We love that Blockstack allows you to keep the ownership of your data and files. So we thought about apps that we use everything day, and that we would prefer to control where our data is stored.

What it does

Upload a file, get a download link and share it. That simple.

You can take advantage of the Blockstack platform and choose where you want your files to be hosted. Use the default storage (infinite space with a 25MB file limit) or setup your own storage.

We started with an Android app, available on Google Play, but we've built a web app as well.

How we built it

The Android app is a native built with Kotlin and the blockstack android library. The Web app is serverless and was built using React, Material components and, of course, the blockstack javascript library. All code is open source:

Challenges we ran into

The blockstack android library works fine, but it's pre-release and behind the javascript library. It adds some bloat to the android app and it could be easier to use. So there were some challenges getting around that.

Accomplishments that we're proud of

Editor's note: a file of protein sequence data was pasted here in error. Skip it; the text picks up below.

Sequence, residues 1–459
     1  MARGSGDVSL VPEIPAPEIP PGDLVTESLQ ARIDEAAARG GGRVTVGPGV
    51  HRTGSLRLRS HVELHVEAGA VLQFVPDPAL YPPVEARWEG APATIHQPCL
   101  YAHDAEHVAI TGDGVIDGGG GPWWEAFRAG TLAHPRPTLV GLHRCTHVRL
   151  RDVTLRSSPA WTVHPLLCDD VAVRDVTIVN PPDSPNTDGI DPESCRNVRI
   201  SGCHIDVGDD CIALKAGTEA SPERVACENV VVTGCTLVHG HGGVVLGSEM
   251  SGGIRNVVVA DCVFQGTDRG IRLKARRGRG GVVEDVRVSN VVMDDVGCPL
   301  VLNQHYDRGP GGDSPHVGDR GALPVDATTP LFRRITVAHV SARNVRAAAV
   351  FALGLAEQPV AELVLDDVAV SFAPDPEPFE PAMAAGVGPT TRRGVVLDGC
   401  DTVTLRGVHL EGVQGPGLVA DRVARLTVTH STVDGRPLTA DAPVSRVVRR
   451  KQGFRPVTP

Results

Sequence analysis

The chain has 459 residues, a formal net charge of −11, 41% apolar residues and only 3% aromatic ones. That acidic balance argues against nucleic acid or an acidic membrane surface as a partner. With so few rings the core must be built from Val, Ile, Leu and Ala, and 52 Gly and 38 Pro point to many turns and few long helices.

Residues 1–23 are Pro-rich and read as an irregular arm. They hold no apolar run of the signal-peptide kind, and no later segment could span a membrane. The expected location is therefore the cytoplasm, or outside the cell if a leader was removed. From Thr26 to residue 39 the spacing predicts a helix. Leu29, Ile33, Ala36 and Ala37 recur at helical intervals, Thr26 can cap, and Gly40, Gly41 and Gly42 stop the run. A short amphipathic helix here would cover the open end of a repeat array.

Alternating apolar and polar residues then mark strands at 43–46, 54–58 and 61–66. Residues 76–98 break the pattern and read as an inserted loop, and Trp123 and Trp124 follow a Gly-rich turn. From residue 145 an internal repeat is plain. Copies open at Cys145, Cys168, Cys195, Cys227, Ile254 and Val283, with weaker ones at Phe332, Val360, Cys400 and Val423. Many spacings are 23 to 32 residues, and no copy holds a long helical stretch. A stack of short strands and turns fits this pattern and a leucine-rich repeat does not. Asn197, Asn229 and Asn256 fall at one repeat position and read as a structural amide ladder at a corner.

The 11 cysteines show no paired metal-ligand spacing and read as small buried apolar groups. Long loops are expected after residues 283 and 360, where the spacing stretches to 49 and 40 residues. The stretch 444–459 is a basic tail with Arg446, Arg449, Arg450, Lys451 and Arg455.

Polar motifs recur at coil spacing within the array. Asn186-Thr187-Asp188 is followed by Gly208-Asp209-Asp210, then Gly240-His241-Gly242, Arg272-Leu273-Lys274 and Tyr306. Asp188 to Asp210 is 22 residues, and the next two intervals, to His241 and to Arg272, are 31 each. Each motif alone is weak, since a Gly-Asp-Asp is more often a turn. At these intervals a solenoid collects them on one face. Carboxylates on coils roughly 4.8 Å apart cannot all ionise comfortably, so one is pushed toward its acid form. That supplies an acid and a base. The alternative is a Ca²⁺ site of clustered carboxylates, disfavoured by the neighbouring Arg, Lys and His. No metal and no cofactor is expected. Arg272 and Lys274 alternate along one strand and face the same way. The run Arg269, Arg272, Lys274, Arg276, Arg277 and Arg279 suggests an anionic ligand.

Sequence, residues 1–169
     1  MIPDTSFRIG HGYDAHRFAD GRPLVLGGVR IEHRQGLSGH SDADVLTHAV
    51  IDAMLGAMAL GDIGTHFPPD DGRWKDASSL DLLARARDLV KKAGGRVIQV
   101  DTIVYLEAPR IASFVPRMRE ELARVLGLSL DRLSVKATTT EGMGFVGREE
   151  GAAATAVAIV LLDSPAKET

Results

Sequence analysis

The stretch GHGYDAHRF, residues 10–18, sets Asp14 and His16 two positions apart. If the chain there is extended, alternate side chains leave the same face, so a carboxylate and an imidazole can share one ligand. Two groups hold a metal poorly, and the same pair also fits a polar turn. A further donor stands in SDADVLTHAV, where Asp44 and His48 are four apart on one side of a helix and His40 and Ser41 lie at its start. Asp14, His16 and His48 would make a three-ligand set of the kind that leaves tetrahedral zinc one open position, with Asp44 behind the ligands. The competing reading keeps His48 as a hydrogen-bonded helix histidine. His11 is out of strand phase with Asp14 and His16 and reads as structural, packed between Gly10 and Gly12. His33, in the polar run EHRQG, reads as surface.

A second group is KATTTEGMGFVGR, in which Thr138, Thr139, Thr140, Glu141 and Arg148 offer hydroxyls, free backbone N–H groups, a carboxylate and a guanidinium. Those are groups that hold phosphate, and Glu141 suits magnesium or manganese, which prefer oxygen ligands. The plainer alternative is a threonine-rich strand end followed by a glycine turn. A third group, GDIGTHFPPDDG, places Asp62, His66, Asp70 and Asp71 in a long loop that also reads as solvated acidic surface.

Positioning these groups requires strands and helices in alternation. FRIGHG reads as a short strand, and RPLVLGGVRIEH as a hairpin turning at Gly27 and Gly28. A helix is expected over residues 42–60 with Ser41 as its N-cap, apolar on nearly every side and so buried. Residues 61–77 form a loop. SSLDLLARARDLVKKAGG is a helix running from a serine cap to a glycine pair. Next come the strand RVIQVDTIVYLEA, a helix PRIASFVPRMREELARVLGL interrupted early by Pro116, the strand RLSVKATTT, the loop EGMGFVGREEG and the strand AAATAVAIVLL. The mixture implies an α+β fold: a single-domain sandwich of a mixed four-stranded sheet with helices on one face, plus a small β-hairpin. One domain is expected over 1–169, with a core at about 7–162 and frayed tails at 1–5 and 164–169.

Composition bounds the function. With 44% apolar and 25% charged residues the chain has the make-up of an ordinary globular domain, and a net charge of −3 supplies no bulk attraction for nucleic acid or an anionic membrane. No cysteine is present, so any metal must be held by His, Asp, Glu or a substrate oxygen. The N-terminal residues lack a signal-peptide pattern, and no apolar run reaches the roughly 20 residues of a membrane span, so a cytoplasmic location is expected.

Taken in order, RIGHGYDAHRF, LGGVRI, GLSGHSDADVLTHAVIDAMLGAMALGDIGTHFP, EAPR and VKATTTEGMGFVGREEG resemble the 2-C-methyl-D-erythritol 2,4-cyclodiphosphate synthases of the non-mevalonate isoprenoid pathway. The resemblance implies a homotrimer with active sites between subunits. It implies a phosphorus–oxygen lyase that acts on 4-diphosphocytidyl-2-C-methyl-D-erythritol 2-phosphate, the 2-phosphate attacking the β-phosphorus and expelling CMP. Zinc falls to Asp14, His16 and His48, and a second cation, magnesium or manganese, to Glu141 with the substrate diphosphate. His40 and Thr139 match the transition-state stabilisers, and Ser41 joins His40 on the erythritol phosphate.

• We invested a lot in the UI/UX of the app. We want to make sure anyone can use the app easily, every day.
  • The app is fully decentralised, serverless and open source. Therefore it's easy to replicate if needed.

What we learned

Ideally the share links would be something like "", but that would required some data to be centralised on our server. So we're starting out with "" links and maybe make shorter centralized links opt-in in the future.

What's next for Envelop

Our goal is to get make Envelop as useful as possible, so it can help its users every day.

Here are some of the things we're working on next:

  • Chrome extension (drag and drop files from your computer or any website, to easily upload and share them)
  • Support for files larger than 25MB
  • File previews (thumbnails)
  • Quick share tools like the ability to take a screenshot or record the screen and share it.

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